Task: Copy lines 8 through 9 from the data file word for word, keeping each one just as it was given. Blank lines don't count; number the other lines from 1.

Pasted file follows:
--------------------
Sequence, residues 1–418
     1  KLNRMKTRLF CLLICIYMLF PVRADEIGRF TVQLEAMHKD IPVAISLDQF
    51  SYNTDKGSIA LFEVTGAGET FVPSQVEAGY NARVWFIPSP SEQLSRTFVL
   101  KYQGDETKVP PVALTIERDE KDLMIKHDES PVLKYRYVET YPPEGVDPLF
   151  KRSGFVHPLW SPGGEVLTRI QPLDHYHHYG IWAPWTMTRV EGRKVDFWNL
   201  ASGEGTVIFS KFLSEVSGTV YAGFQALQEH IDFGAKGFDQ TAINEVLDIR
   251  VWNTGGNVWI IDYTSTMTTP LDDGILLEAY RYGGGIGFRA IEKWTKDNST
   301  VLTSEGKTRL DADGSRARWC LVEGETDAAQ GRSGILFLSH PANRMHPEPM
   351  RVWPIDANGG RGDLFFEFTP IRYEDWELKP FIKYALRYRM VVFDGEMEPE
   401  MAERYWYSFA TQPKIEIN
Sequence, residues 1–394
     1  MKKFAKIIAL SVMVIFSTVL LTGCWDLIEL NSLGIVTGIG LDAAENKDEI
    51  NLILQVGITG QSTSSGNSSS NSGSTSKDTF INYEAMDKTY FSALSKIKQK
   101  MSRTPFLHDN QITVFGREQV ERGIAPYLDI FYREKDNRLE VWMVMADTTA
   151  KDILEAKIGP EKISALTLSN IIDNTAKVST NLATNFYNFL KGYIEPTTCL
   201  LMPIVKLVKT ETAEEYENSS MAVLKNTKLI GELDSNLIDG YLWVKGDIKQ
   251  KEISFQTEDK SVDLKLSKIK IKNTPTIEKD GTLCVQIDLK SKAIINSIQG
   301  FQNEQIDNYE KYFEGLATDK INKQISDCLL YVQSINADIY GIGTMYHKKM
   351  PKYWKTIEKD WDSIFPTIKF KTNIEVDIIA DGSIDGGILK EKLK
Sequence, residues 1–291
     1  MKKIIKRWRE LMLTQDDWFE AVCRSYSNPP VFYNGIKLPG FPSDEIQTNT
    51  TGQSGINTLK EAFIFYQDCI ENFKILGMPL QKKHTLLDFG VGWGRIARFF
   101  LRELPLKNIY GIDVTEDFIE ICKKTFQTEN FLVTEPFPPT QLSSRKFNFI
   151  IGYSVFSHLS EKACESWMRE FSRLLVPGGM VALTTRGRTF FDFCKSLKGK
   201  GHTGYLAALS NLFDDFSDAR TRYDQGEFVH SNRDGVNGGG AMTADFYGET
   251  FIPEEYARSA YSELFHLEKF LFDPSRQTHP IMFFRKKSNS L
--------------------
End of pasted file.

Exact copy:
   301  VLTSEGKTRL DADGSRARWC LVEGETDAAQ GRSGILFLSH PANRMHPEPM
   351  RVWPIDANGG RGDLFFEFTP IRYEDWELKP FIKYALRYRM VVFDGEMEPE